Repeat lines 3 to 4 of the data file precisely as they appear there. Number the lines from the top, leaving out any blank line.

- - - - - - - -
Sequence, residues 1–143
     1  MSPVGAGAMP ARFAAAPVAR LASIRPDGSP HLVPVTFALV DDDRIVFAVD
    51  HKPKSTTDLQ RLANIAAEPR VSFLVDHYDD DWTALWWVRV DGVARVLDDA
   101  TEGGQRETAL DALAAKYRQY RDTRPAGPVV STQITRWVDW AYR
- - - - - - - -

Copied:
    51  HKPKSTTDLQ RLANIAAEPR VSFLVDHYDD DWTALWWVRV DGVARVLDDA
   101  TEGGQRETAL DALAAKYRQY RDTRPAGPVV STQITRWVDW AYR